Daniel Gross writes for Slate that critics of the Stimulus plan aren't giving it enough time to work.
As was planned from the start, in fact, only a small portion of the $787 billion has been spent. The Council of Economic Advisers recently issued a comprehensive report on the impact of the stimulus. "As of the end of August, $151.4 billion of the original $787 billion has been outlaid or has gone to American taxpayers and businesses in the form of tax reductions," the CEA reports. That's 19 percent. If projections made for September expenditures are right, "between one-fifth and one-quarter of the total $787 billion" was spent by the beginning of October. [...]
In other words, nearly eight months after its passage, a large majority of the stimulus has yet to start impacting the economy—as was the plan. And as was also the plan, the most visible parts of the stimulus are only taking effect now and will remain active through 2010.
Here's the thing. Yes, the stimulus money is just starting to be spent in big chunks. Yes, it was known from the beginning that it would take a while to get the program off the ground. But... that's what we argued back in February when this thing was being debated. We argued that it would take too long for this spending to get in place. In the meantime, the economy has started on a path towards recovery all on its own. But we might get a W or VVV shaped recession because of the stimulus spending. That is the main critique.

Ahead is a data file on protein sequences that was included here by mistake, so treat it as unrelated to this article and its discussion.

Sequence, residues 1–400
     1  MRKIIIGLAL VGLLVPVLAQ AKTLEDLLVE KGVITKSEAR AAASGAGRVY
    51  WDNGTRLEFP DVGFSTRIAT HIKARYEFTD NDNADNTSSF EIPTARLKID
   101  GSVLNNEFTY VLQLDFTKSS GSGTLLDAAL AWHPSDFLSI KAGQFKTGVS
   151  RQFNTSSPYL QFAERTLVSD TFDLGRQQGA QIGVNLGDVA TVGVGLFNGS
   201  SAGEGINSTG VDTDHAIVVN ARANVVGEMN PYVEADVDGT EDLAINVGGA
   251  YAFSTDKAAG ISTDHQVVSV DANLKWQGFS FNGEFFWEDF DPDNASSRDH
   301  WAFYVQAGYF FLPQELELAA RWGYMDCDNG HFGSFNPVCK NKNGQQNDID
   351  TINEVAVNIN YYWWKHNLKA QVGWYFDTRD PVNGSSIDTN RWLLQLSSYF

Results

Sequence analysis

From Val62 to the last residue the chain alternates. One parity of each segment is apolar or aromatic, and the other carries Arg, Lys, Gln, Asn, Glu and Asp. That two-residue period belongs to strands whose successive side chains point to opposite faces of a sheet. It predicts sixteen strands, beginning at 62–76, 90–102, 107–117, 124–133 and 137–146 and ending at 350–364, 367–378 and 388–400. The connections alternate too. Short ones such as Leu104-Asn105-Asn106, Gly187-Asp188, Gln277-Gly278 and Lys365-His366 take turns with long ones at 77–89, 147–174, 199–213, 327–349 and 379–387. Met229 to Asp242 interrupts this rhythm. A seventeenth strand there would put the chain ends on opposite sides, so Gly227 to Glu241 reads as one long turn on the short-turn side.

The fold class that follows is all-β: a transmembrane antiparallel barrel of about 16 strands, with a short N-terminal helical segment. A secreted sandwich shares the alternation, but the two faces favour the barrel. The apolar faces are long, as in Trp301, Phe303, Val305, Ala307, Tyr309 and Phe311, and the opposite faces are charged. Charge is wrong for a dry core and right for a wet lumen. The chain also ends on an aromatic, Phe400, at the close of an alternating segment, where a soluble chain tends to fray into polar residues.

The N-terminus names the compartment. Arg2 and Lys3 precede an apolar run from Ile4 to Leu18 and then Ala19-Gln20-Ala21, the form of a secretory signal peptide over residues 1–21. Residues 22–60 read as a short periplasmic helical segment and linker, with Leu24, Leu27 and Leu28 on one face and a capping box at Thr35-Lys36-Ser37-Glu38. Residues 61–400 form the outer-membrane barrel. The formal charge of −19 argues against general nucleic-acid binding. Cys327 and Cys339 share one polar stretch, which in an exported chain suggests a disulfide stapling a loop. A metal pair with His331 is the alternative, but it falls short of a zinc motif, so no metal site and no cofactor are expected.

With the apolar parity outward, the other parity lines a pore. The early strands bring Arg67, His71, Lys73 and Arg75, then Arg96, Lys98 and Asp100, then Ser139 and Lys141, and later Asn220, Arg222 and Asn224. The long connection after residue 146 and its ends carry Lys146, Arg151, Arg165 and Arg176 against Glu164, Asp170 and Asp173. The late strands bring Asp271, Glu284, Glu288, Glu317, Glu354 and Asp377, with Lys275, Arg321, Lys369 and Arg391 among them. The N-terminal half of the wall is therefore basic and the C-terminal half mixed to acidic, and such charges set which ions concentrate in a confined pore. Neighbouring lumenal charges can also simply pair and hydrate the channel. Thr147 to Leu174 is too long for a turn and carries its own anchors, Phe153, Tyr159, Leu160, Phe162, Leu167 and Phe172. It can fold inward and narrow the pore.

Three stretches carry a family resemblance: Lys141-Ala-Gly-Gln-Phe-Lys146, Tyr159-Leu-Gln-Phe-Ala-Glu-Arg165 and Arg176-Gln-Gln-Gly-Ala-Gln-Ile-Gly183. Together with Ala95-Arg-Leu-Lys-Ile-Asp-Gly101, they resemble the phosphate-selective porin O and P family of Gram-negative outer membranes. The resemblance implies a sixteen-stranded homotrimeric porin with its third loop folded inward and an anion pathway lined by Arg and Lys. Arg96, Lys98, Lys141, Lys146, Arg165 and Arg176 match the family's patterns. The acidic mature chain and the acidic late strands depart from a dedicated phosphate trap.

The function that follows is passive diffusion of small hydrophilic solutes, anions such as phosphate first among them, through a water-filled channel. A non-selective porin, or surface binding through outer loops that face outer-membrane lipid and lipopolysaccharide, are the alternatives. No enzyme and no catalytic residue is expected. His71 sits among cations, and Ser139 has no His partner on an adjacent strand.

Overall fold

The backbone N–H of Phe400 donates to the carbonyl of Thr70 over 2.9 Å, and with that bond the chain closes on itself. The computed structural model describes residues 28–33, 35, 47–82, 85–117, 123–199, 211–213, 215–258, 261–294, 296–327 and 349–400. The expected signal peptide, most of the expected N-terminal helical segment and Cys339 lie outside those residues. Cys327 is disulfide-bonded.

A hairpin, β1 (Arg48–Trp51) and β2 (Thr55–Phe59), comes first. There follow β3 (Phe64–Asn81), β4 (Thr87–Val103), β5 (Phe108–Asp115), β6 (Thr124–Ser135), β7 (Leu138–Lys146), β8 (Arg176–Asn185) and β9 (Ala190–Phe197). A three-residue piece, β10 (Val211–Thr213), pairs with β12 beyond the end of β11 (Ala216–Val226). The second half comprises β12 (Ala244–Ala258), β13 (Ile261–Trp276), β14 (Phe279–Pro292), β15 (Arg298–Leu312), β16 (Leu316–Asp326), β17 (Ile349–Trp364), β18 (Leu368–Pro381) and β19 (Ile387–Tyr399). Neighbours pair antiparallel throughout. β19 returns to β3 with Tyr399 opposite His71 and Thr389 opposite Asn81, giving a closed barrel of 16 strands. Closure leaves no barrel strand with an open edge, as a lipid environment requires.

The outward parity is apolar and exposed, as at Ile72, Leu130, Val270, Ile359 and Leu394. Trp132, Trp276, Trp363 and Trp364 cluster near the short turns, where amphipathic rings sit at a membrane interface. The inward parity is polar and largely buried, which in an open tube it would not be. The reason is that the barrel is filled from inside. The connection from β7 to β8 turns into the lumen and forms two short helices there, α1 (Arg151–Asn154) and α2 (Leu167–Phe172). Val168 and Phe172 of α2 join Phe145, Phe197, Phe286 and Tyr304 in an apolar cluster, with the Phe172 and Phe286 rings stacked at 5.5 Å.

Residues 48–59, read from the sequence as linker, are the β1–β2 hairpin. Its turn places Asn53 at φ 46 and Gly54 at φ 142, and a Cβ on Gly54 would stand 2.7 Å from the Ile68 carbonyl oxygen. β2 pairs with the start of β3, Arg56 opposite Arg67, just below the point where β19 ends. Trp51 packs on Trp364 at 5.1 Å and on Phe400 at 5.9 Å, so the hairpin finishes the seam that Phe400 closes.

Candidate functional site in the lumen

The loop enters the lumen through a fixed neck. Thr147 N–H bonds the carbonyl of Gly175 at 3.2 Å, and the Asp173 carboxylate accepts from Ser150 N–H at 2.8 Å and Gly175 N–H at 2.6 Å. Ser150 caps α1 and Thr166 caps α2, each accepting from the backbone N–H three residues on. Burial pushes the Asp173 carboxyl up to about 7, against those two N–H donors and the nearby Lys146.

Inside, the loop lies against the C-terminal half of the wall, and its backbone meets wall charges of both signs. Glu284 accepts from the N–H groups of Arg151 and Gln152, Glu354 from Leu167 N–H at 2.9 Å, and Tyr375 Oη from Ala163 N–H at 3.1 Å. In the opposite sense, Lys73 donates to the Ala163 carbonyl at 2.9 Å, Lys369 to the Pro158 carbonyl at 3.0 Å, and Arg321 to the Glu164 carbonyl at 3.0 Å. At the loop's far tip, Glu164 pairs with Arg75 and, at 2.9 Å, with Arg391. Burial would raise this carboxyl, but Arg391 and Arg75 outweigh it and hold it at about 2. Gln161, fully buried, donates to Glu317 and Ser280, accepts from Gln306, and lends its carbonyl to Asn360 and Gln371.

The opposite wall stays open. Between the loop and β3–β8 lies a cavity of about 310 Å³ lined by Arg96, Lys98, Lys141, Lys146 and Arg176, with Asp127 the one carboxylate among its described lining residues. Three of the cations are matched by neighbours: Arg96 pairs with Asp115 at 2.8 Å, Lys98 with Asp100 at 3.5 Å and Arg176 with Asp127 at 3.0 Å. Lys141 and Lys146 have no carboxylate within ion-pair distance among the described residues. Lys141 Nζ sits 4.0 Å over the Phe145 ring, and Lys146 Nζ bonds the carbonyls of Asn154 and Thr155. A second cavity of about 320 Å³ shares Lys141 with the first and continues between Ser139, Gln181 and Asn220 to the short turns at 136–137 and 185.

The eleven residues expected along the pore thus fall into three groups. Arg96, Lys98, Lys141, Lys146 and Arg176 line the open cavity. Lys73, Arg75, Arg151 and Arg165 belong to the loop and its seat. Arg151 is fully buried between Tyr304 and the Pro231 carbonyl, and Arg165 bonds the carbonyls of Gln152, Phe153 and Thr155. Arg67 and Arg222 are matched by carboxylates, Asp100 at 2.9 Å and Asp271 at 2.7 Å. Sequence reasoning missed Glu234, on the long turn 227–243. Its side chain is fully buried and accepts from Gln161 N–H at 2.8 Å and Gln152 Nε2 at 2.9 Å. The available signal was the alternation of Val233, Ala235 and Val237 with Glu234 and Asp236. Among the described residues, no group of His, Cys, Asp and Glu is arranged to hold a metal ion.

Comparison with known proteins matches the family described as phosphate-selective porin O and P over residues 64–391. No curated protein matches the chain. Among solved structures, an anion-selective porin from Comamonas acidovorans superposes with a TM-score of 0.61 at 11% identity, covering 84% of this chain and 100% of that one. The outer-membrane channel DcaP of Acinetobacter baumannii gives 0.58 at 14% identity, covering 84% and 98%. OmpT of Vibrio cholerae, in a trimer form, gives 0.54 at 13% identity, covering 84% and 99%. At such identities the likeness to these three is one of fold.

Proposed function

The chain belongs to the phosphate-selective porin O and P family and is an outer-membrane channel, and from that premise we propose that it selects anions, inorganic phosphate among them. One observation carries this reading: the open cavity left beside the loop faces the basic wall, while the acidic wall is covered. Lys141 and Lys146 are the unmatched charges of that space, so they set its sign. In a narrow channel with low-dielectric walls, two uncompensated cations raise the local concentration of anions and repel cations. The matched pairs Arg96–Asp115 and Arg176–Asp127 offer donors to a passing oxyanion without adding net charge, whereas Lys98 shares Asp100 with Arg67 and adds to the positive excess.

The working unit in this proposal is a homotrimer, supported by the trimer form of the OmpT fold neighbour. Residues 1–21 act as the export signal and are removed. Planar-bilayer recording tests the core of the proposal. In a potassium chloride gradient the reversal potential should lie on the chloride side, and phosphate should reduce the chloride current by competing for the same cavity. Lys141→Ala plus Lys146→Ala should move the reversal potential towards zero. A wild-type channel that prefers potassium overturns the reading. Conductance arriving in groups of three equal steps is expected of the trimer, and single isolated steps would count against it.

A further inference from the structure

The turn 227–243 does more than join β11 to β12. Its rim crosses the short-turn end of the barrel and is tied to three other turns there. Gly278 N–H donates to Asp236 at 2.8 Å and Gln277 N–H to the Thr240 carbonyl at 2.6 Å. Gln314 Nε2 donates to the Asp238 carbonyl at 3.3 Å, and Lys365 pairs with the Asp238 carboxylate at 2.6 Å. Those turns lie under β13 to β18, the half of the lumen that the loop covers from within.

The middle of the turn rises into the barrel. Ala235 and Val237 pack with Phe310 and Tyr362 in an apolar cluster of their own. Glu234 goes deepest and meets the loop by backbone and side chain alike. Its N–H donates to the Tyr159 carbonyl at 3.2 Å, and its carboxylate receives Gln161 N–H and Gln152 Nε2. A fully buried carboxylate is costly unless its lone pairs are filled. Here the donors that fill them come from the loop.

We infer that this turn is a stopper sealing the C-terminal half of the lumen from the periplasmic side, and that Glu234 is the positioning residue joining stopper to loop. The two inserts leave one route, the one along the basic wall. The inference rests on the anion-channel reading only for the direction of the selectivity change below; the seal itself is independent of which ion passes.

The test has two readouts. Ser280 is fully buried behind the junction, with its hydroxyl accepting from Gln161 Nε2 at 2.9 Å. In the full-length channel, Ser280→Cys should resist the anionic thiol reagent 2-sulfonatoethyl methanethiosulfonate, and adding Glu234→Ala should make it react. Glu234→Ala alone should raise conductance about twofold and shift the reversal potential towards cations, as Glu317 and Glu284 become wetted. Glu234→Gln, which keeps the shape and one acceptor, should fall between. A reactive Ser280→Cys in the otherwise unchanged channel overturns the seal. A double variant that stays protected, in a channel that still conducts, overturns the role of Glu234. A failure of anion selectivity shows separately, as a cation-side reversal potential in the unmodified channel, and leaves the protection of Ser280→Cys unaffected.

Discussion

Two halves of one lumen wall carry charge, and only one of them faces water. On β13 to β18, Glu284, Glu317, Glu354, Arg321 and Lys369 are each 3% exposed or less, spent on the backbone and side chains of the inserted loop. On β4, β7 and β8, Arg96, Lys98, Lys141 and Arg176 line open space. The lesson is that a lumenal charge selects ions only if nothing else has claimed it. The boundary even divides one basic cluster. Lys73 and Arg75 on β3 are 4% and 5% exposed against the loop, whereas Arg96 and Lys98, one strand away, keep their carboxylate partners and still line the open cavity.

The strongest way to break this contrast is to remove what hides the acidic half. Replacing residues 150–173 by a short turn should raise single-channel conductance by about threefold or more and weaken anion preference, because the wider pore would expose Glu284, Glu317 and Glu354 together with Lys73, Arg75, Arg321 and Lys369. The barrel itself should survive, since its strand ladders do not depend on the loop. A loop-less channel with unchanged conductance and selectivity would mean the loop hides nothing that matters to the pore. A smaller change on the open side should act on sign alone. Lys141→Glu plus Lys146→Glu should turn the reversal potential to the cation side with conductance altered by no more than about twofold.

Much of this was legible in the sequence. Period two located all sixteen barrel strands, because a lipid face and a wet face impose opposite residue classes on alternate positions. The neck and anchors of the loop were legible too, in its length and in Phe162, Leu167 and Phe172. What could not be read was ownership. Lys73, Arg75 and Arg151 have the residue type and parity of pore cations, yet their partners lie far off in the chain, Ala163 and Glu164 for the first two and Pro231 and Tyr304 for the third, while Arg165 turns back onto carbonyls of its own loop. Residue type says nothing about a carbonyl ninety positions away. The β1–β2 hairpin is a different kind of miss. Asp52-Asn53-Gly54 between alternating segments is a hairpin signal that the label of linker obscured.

Ironically, the whole Gross argument that we need to give the stimulus time because that was whole plan totally misses that, in a way, it wasn't the whole plan. The projections from the stimulus designers said that with the stimulus, unemployment wouldn't get past 9% and would be declining right now. That hasn't happened. So the plan has been a failure thus far on its own defined measure of success.
Read Gross's whole piece here.